Friday, April 22, 2011


I read a lot of birthy things. Lots of birth stories, lots of books, lots of articles. I love Ina May. I love Jennifer Block. Peggy Vincent. Marsden Wagner. My facebook news feed is always full of mom and baby related articles. Rixa Freeze and Barbara Herrera feel like old friends sometimes because I read everything they write. And my own personal and professional experiences with pregnancy and birth have shaped me into quite the natural childbirth advocate and attachment parent.

I used Hypnobabies and loved it. I had my "Bubble of Peace" around me and truly believed that birth is beautiful, healthy, safe. I still do believe it is inherently safe for most women. I've already decided that if we have any more kiddos, I'm definitely birthing at home.

However.... every now and then... something happens to keep you grounded.

A mom comes to the hospital at 10 cm dilated, ready to deliver. She wanted a natural and unmedicated birth, and had labored at home all day. When she finally arrived- fully and bulging- she was in so much pain that she could hardly move. Bag of waters breaks- clear fluid- and head began to crown. Baby's head born. Baby is white. Neonatology paged STAT. Baby born... gush of blood. Blood. More blood. Baby is limp. PPV on the warmer. Neo comes and intubates. No time to put ID bands on or give baby meds or do footprints. Baby is immediately transported to NICU where baby is transfused. It takes 7 people to stabilize this full term newborn.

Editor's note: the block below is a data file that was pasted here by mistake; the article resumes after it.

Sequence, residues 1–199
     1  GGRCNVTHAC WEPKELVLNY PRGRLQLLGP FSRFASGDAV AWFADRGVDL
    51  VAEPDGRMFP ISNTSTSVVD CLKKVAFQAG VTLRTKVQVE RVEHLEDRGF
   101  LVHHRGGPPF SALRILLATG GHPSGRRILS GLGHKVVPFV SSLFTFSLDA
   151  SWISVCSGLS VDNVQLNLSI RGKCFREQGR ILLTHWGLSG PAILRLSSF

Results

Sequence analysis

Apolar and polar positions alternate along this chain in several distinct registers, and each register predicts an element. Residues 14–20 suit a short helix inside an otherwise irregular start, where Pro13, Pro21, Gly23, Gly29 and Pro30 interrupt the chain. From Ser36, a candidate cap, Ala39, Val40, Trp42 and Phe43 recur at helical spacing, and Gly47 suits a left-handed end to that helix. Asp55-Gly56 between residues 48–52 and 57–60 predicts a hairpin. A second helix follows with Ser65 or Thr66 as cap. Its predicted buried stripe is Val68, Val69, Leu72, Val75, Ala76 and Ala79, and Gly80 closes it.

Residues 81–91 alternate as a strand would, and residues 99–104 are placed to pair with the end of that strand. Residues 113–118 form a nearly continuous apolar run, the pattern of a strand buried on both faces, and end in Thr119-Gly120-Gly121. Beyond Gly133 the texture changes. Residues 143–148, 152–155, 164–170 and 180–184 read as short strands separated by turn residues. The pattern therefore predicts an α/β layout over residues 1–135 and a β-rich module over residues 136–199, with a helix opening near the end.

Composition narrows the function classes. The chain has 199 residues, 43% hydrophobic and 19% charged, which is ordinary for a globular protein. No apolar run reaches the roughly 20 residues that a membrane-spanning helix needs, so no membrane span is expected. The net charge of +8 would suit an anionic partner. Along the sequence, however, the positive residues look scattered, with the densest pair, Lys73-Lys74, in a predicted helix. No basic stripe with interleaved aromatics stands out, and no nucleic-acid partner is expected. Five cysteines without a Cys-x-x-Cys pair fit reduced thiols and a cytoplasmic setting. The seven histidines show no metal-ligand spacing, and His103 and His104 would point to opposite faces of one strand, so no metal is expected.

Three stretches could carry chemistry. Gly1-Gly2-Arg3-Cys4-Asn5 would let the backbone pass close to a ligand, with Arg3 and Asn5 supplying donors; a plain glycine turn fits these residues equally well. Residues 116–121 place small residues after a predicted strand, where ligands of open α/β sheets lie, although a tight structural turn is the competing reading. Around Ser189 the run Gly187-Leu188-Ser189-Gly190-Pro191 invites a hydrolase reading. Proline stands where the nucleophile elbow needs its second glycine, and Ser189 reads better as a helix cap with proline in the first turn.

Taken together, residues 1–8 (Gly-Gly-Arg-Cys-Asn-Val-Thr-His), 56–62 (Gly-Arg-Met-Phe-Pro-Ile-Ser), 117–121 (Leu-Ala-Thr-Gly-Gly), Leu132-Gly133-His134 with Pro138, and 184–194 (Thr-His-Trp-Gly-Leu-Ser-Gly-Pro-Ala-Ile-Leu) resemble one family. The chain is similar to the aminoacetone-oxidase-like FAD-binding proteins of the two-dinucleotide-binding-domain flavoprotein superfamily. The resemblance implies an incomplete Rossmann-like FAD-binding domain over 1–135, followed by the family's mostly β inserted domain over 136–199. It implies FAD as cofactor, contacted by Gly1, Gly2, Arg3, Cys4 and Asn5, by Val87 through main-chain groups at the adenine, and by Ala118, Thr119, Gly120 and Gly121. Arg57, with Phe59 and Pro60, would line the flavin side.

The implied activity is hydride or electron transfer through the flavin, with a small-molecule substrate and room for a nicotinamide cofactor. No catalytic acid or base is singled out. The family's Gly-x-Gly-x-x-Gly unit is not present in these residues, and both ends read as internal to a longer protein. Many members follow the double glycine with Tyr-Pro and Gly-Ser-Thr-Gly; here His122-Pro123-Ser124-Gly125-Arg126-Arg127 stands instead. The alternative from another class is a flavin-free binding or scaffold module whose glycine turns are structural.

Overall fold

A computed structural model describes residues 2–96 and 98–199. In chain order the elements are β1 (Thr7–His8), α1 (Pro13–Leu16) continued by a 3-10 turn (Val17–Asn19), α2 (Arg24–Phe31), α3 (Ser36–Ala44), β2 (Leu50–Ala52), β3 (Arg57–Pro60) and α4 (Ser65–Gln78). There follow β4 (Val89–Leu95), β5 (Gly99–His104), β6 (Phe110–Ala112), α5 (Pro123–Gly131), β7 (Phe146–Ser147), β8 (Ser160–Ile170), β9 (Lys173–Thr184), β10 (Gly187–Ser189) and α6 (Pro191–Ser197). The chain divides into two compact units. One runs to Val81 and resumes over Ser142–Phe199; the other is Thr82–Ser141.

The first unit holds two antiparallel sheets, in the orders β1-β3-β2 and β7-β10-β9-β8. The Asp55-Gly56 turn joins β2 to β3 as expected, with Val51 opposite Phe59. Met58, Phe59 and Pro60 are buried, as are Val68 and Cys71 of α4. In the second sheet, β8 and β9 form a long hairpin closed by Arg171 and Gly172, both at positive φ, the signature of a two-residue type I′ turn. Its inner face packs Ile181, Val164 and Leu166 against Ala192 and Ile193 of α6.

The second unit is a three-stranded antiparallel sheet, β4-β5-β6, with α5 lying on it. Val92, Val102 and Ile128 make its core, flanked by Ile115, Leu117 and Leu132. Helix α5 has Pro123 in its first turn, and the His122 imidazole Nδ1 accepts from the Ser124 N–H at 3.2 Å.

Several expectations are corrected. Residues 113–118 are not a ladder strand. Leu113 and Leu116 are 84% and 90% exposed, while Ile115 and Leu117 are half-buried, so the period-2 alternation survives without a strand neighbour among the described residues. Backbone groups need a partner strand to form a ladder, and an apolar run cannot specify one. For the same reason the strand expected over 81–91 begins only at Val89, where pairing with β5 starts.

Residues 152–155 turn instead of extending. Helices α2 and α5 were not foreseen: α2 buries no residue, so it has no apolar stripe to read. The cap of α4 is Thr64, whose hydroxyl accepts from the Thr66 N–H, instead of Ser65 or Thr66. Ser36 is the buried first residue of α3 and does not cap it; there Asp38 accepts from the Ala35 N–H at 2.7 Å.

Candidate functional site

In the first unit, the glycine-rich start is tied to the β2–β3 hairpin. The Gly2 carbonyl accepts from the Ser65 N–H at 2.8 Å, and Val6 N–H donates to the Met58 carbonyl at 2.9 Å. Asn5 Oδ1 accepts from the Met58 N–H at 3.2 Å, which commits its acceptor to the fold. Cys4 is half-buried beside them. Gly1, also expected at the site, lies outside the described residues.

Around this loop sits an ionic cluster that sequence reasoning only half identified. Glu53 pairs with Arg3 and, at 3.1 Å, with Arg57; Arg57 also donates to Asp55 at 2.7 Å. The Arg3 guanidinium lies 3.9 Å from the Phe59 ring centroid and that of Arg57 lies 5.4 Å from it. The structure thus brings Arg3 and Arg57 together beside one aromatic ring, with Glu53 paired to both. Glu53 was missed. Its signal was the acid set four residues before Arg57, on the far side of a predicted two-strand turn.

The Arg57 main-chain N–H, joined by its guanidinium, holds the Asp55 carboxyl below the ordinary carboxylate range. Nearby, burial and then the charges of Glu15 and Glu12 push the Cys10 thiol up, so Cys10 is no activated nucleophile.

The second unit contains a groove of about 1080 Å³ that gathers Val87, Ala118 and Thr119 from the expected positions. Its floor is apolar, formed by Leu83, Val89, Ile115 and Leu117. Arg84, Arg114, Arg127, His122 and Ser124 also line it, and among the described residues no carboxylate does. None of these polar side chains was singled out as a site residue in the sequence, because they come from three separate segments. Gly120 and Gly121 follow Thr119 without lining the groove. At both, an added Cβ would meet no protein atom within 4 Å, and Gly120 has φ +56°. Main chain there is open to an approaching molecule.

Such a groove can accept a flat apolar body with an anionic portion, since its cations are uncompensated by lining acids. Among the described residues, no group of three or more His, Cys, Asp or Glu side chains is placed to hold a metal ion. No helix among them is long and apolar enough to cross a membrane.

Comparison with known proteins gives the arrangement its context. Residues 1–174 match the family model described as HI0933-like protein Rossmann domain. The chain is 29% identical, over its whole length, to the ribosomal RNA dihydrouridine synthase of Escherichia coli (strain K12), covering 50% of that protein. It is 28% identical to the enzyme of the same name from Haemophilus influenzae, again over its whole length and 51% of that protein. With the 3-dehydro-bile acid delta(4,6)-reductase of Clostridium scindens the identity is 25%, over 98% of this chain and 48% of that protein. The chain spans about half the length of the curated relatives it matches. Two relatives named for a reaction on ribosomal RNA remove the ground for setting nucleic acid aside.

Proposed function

It's scary situations like these that make you go home and hug your kids close and say to yourself: "I am SO SO SO lucky."

There was really not much warning for this abruption. Sometimes things happen in birth... and I'm just so glad for the quick thinking of the staff that night. It could have been much worse. :(

Of course, for 99% of the population, laboring at home would be a good idea. I stayed home with my VBAC baby until I was 9.5 cm. It's a fantastic way to reduce unnecessary intervention. As much as I believe in birth and in its "normalcy," it is still a complex and not completely understood physiological process and there is no way to control or predict how things will turn out.

It's because of stories like these that I always say a little prayer on the way to every birth I attend. "Jesus, PLEASE help this baby come out safely and transition smoothly! Protect and preserve this little life."


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